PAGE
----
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ARS Home » Research » Publications at this Location » Publication #97707


item Liu, J
item Carroll, Jeffery - Jeff Carroll
item Matteri, Robert - Bob
item Lucy, M

Submitted to: Journal of Animal Science
Publication Type: Peer Reviewed Journal
Publication Acceptance Date: 6/23/1999
Publication Date: N/A
Citation: N/A

Interpretive Summary: The positive effects of growth hormone (GH) are dependent on the presence of molecules called receptors, which recognize GH. The liver is one of the important target organs for GH. GH stimulates the liver to produce a hormone called insulin-like growth factor-1 (IGF-1), which is a stimulator of growth. At the level of the DNA, the RNA for the GH receptor (GHR) can be produced in several ways. This results in two main types of GHR RNA, GHR1A and GHR1B. At present, there is little information on the control of production or relative biological importance of these two forms of GHR. The objective of this study was to evaluate the effects of age and GH treatment on liver GHR1A and GHR1B in pigs. While GHR1B was found in a variety of tissue types, GHR1A was produced only in liver. GHR1A was not detectable in the early neonatal period, but appeared as the young pig increased in age. The lack of GHR1A in the neonatal pig could explain the recognized resistance of very young pigs to GH treatment. GH treatment did not affec GHR levels in young developing pigs, but did reduce GHR1A in pregnant sows. The production of liver GHR1A, but not GHR1B, was significantly related to the production of IGF-1 in all cases. These results suggest that GHR1A may be important in the regulation of IGF-1 production and growth in response to GH. A better understanding of how GH works is important in developing strategies and new technologies for improving swine production efficiency.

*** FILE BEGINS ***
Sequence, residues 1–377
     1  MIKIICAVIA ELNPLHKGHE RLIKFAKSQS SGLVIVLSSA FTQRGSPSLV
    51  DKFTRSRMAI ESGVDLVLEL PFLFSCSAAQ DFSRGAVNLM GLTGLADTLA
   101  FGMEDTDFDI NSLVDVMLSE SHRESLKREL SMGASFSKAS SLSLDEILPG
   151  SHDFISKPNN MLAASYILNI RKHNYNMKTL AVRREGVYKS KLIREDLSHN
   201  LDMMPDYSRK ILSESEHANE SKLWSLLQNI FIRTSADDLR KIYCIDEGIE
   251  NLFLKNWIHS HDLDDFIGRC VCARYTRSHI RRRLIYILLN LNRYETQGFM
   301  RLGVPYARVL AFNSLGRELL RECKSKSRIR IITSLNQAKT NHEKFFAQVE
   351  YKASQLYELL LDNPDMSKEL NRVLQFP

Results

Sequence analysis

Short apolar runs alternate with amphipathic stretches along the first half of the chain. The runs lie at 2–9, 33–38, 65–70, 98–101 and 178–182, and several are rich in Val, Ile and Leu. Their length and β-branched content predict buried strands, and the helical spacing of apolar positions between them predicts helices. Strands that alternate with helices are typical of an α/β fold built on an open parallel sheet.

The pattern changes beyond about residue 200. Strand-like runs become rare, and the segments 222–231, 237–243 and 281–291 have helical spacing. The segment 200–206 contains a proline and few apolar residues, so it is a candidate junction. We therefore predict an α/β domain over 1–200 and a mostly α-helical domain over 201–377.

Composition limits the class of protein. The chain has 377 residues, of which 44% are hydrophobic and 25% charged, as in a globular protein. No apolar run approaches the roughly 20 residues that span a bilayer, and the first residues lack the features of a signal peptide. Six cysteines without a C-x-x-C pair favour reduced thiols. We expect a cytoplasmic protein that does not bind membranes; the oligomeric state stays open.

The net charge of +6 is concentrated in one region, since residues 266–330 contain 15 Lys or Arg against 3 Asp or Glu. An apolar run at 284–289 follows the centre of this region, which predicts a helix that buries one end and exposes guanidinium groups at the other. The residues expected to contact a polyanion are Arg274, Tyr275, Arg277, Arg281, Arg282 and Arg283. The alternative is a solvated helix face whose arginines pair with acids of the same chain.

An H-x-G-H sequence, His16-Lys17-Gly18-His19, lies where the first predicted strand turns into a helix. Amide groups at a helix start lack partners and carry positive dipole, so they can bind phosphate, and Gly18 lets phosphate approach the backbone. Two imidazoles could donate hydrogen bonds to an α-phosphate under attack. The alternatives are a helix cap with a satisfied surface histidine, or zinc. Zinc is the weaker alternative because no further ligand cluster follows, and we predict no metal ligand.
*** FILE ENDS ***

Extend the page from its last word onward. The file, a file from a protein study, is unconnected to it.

Technical Abstract: The 5' untranslated sequence (exon 1) of growth hormone receptor (GHR) mRNA is heterogeneous because GHR mRNA transcription is initiated from multiple promoters. Most GHR mRNA arise from GHR Promoter 1 (P1) and GHR P2 that transcribe GHR1A and GHR1B mRNA, respectively. The objective of the present study was to characterize the expression of GHR1A and GHR1B mRNA in npigs. The porcine GHR1A and GHR1B cDNA were cloned by reverse transcription and polymerase chain reaction. The amount of GHR1A and GHR1B mRNA was determined by using a ribonuclease protection assay with specificity for exon 1. Tissue specificity of GHR1A and GHR1B mRNA was determined by comparing liver with muscle and reproductive tissues. The developmental regulation of GHR1A and GHR1B mRNA was tested in castrated (1 to 42 d of age) and intact (21 to 77 d of age) male pigs. Regulation of GHR1A and GHR1B mRNA by GH was tested in intact male pigs (21 to 77 d of age) as well as mature pregnant sows. Porcine liver expressed both GHR1A and GHR1B mRNA. Other tissues including longissimus muscle, uterus, and ovary expressed GHR1B mRNA but not GHR1A mRNA. The liver of castrated male pigs expressed GHR1B mRNA at all ages but did not express GHR1A mRNA until 42 d of age (2 of 6 pigs). The liver of intact male pigs expressed GHR1A mRNA by 21 d of age. In pregnant sows, GHR1A mRNA in liver was down-regulated by GH. In each experimental model, GHR1A mRNA but not GHR1B mRNA was positively correlated with liver IGF-1 mRNA or serum IGF-1 concentrations. In conclusion, tissue-specific and developmental regulation of GHR was found for GHR1A but not GHR1B mRNA. These data suggest that the regulation of GHR1A mRNA is the primary mechanism controlling liver IGF1.